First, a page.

At last, the showers were giving way to the flowers. At the precipice between April and May, Ronnie Whitfill was perched, and the lure of adulthood flowered. The farm boy had a smart phone, a Twitter account, and a restlessness that came every spring but never more thunderous than in this, his senior year of high school. Technology didn’t increase it. It was just more accessible.
Ronnie wasn’t playing ball anymore. The football coach didn’t force him to run track because it didn’t matter. His eligibility had expired. He had to prepare for college now, and he knew that playing ball at that level would be ridiculous. Sweet freedom beckoned, and Ronnie wasn’t altogether sure he could handle it. What stretched out before him was an adventure, but, for now, he was still stuck on this farm, under the dominion of his father, and aching to get away. He didn’t want to do anything but explore the possibilities, and he’d set out on this sunny afternoon to take a walk because he didn’t have anything else to do and didn’t want it. He wanted to strap his guitar across his back and walk up on the hill, where he could sit on a rock and gaze longingly across the gray-green meadows and into the future.
The air was becoming fragrant. The wild onions were wilting in the warmth, replaced by other, flowering weeds. Ronnie competed with the breeze, singing old and outrageous tunes from his father’s youth, songs that allowed a man to break his voice in two and yodel.
Lawuhawuhawn, gawuhawuhawn, noweeow, ahm lawuhawnsum blueoo!
What was most lovely was love, and, for the first time in his life, the country boy wasn’t in pursuit. He was pursued. Dorothy Lamotte. Good gracious. She used to be a Dorothy, but the name didn’t fit anymore. She was a Dottie, and one day, when she got older, she’d probably be a Dot, but she wasn’t ever going to be a Dorothy again, and he had discarded Ronald and traded it in for Ronnie, a ballplayer’s name, but he was destined to be a Ron for the ages. He wanted to enjoy Ronnie while he could. Sitting there, overwhelmed by beauty, with an instrument lying comfortably across his lap, Ronnie was in awe of nature even has he nurtured a lust for earthly pleasure.
Ronnie’s soul wriggled restlessly as he formed a vision of Dottie. She was playful. She was mischievous. She was bad. She needed someone to be bad with her, and she had chosen Ronnie Whitfill, the farm boy who didn’t know Waka Flocka from Lil’ Wayne. To Ronnie, hip-hop was just a throbbing bass beat in the distance, rising from a garishly decorated gas guzzler wearing wheels that rotated opposite to tires that seemed too thin. The lyrics were outrageous, and blunt, and crude, and, yeah, Ronnie kind of enjoyed them, but if it was music all, it wasn’t music suited for the Ovation six-string he’d bought off Daniel Pennilton at the pawn shop. There wasn’t any challenge to it. Too few chords. Too much repetition.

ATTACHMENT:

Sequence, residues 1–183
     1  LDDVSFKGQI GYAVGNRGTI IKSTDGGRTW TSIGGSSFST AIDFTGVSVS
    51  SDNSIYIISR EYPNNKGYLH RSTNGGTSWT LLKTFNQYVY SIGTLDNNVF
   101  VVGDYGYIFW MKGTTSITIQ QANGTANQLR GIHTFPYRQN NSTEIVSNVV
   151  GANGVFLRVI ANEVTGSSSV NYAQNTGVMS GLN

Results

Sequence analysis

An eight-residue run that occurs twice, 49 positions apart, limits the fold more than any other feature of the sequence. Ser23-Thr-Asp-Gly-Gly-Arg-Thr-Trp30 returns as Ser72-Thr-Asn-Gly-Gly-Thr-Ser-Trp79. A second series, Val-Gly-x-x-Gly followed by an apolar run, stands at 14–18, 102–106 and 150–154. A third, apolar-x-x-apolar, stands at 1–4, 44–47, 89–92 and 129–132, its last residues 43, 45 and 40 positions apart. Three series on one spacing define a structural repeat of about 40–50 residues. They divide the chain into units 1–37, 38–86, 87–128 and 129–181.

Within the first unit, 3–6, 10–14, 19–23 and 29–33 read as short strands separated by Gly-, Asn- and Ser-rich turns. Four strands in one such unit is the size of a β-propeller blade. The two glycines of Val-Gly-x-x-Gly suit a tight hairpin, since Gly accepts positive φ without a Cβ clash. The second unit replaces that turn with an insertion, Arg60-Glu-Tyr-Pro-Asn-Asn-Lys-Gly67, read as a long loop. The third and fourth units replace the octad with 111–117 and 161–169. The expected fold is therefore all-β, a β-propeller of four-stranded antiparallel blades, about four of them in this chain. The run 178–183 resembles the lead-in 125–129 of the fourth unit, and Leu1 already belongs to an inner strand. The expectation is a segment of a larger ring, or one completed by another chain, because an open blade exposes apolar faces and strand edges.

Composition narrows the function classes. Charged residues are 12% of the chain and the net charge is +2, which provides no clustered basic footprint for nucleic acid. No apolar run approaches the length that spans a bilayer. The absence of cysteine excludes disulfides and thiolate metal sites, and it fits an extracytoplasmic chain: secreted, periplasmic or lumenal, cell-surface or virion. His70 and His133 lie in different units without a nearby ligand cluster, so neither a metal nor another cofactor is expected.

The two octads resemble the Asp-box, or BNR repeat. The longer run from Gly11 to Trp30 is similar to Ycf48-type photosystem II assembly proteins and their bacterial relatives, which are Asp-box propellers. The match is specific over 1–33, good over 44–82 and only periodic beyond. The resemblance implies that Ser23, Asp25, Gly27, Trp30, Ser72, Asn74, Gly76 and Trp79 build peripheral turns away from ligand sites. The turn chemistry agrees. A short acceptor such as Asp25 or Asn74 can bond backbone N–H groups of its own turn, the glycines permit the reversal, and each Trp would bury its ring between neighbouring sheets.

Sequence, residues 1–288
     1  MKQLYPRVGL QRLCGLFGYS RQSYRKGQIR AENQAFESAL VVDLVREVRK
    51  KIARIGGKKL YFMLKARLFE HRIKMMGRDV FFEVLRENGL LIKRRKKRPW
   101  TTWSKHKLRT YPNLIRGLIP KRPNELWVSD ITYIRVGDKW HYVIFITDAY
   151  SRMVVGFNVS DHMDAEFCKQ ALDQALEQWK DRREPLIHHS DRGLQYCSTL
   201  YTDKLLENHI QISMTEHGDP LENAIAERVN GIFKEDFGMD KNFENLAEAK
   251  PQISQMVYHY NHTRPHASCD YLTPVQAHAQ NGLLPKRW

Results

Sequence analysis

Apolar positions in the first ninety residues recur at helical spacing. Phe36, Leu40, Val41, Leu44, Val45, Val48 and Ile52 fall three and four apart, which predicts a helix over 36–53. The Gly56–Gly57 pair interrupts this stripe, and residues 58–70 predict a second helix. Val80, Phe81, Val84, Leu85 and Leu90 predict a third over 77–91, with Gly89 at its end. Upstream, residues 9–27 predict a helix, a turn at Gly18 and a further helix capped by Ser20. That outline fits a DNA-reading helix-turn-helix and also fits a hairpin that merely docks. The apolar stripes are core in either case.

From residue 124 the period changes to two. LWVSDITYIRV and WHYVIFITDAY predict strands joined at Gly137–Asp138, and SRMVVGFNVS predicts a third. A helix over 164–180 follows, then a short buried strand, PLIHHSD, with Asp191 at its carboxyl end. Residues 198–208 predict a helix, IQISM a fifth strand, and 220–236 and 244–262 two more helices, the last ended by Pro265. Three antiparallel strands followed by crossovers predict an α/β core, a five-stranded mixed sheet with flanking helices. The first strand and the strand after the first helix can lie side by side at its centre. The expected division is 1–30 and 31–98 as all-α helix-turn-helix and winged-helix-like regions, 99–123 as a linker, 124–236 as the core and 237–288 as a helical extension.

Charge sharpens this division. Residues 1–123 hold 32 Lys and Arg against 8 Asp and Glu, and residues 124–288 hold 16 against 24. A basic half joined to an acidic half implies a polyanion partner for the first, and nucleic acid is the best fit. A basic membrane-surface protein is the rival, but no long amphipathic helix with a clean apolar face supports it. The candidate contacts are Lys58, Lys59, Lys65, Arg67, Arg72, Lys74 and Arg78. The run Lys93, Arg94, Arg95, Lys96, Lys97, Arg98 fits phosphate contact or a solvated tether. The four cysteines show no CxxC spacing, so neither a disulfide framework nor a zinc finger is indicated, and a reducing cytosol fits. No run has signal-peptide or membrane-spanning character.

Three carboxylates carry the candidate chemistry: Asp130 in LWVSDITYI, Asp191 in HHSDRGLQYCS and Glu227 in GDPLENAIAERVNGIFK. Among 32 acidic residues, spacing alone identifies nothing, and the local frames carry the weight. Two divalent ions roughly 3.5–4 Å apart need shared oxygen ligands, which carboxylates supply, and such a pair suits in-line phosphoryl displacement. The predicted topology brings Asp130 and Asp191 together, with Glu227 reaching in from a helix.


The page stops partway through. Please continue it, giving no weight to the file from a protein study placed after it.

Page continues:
Ronnie didn’t really yodel. That’s just what his black friends called it when they ridiculed his songs. They were ridiculous in their way, but so were the chants. Life was ridiculous all around. Ridiculous was cool.
Ahmarollinstawn, awlalawnandlawst, innislifuhseeuhn, ahvepaiduhcawsss, ahnowahmlawss, toolatuhpay, stahtedrollindayuhn, dahlawsthahway …
His guitar was a homing beacon, as it turned out. The chords penetrated the cool, humid air. Ronnie wondered if his voice affected the rustling waves of spring growth. The phone was off and nearly dead. School had burdened it with too many texts, tweets and Snapchats. A man had to unburden himself every now and again.
Ronnie heard something sweet across the six decades separating him from the music he was playing. It was Dottie. Lord, Lord, she had found him somehow. She had followed his trail up the hill, tramping through the grass his feet had parted, bringing with her a bottle of forbidden wine. Wine was perfect. He took her in his arms, and they kissed, and their parents were going to kill them, but it felt like they were going to kill themselves if they passed up this opportunity to live.
What happened didn’t take long. It only seemed like ages. They got their breaths back. Words weren’t necessary for a while. Dottie had a couple plastic cups, but Ronnie said forget the cups. He wanted to swig from the bottle because it was kind of stupid at this point to worry about germs.
The guitar had fallen aside, probably scratched a little amid the rocks where it had landed. It was cheap and tough, and a few scratches weren’t going to ruin it. He was satisfied those scratches were going to be memories he would cherish.
“It’s so beautiful, and life is so cool,” Dottie said. “Look at those flowers.”
Lavender burst forth from the green, furry bulbs rising around them. They were wild and free and doomed from the start. Butterflies flitted about. The largest and most beautiful lit on one of them, frail and uncertain.
“That’s me,” Ronnie said.
“The butterfly. That’s me. And the flower. That’s you.”